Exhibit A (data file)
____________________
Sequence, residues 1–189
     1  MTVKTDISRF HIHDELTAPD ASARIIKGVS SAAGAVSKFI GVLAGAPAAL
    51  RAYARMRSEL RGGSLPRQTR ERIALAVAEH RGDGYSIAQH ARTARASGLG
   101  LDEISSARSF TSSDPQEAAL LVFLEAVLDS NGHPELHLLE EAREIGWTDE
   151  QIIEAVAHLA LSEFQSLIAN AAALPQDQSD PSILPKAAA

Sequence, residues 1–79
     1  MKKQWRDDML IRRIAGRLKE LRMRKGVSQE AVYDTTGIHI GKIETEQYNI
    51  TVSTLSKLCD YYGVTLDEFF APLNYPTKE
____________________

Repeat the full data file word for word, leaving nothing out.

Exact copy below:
Sequence, residues 1–189
     1  MTVKTDISRF HIHDELTAPD ASARIIKGVS SAAGAVSKFI GVLAGAPAAL
    51  RAYARMRSEL RGGSLPRQTR ERIALAVAEH RGDGYSIAQH ARTARASGLG
   101  LDEISSARSF TSSDPQEAAL LVFLEAVLDS NGHPELHLLE EAREIGWTDE
   151  QIIEAVAHLA LSEFQSLIAN AAALPQDQSD PSILPKAAA

Sequence, residues 1–79
     1  MKKQWRDDML IRRIAGRLKE LRMRKGVSQE AVYDTTGIHI GKIETEQYNI
    51  TVSTLSKLCD YYGVTLDEFF APLNYPTKE